Decision on Provisional Release - 23.02.2016 TOLIMIR Zdravko
(MICT-15-95-ES)

7.       Neither the Statute nor the Rules explicitly regulate the provisional release of convicted persons awaiting transfer to an enforcement State.[1] The Appeals Chamber recalls, however, that, in certain limited circumstances, the ICTY has authorized provisional release to convicted persons prior to their transfer to the State where they would serve their sentence.[2] In doing so, the ICTY Appeals Chamber has relied on Rule 65(I) of the ICTY Rules of Procedure and Evidence (“ICTY Rules”) which mirrors Rule 68(I) of the Mechanism’s Rules.[3] The Appeals Chamber recalls that it is bound to interpret the Statute and the Rules in a manner consistent with the relevant jurisprudence of the ICTY.[4] Bearing this practice in mind, the Appeals Chamber considers that Rule 68 of the Rules applies, mutatis mutandis, to convicted persons who are in the custody of the Mechanism pending transfer to an enforcement State.

8.       Accordingly, provisional release may be granted if the Appeals Chamber is satisfied that: (i) the convicted person, if released, will surrender into detention at the conclusion of the fixed period; (ii) the convicted person, if released, will not pose a danger to any victim, witness, or other person; and (iii) special circumstances exist warranting such release.[5] These requirements must be considered cumulatively and the discretionary assessment of these requirements is to be made on a case-by-case basis. [6] Furthermore, “whether an applicant satisfies these requirements is to be determined on a balance of probabilities, and the fact that an individual has already been sentenced is a matter to be taken into account by the Appeals Chamber when balancing the probabilities”.[7]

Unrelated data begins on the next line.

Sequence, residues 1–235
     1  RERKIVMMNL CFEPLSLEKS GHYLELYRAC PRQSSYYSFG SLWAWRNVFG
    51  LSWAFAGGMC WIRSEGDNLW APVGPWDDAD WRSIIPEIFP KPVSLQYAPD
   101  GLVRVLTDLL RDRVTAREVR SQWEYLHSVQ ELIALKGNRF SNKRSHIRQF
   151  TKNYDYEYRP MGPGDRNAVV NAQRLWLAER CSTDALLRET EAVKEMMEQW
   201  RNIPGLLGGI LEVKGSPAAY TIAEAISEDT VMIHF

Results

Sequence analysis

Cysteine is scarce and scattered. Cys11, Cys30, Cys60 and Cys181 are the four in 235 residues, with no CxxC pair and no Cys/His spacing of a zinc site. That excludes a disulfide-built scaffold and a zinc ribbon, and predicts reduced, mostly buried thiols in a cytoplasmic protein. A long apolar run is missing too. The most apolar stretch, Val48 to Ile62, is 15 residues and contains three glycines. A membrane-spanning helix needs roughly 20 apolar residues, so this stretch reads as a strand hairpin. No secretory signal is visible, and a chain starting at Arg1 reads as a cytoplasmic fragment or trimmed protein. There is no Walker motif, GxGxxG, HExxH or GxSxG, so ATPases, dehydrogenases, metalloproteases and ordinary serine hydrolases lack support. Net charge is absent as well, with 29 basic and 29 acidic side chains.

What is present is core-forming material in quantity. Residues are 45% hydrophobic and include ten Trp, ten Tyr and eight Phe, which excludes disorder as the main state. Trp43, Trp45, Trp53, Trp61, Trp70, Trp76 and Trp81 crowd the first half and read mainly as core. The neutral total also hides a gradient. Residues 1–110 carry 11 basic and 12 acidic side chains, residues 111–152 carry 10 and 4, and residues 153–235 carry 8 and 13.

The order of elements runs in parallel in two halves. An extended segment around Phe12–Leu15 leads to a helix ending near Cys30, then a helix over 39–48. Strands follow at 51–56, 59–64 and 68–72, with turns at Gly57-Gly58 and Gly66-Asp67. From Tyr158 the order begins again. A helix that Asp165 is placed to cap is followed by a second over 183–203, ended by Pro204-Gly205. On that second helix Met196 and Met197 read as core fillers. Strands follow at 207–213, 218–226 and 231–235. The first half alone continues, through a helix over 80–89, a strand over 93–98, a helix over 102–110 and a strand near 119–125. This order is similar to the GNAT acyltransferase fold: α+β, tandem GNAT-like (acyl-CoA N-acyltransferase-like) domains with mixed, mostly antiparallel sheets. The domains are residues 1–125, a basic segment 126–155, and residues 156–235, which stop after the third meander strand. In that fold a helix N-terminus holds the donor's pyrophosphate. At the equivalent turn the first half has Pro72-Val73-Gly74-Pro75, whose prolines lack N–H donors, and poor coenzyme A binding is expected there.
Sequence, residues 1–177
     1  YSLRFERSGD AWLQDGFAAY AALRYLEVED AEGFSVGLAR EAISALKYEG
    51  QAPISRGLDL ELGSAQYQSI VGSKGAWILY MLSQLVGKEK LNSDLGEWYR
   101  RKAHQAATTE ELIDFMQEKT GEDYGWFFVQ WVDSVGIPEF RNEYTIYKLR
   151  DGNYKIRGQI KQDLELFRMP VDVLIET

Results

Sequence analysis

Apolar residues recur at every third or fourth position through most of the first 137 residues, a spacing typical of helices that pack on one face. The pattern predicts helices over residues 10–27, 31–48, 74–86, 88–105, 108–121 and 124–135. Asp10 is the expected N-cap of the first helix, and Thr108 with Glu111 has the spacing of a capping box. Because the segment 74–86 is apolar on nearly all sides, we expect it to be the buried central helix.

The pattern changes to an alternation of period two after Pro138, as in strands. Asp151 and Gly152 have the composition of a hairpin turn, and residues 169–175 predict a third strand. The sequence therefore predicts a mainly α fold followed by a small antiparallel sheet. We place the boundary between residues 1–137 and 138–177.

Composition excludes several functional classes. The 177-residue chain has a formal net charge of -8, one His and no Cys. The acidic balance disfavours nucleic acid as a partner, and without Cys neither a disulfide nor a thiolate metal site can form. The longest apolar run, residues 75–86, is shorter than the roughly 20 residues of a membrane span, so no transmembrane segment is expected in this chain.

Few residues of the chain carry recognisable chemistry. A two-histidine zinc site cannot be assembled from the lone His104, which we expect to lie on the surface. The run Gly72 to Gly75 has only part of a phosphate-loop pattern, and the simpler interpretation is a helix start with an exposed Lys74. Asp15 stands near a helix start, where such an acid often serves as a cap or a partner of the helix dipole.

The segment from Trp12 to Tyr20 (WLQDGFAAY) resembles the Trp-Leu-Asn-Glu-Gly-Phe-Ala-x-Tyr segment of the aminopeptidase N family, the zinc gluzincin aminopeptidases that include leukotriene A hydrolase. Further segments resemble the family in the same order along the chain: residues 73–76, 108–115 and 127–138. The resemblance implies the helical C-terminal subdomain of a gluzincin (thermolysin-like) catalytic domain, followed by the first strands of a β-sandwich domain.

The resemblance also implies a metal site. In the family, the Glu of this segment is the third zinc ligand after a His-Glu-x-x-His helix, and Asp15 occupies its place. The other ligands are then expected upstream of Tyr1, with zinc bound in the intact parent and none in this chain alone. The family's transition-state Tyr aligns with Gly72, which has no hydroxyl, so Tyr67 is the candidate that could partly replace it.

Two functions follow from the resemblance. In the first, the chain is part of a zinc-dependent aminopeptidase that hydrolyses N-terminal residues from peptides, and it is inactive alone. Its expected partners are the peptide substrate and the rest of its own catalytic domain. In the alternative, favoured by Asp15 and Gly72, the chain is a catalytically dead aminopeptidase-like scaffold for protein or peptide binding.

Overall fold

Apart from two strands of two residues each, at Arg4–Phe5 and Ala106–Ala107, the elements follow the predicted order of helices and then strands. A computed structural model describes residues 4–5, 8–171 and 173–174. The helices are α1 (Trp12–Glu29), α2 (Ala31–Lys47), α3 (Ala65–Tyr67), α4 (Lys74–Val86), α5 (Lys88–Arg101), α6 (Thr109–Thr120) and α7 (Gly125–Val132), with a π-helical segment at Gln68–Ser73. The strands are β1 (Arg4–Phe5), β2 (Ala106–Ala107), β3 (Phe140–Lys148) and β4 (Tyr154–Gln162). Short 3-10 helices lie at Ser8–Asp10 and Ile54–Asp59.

[1] Rule 68(I) of the Rules relates to granting provisional release to appellants and provides, in relevant part, that “the Appeals Chamber may grant provisional release to convicted persons pending an appeal or for a fixed period if it is satisfied that: (i) the appellant, if released, will either appear at the hearing of the appeal or will surrender into detention at the conclusion of the fixed period, as the case may be; (ii) the appellant, if released, will not pose a danger to any victim, witness, or other person, and (iii) special circumstances exist warranting such release.”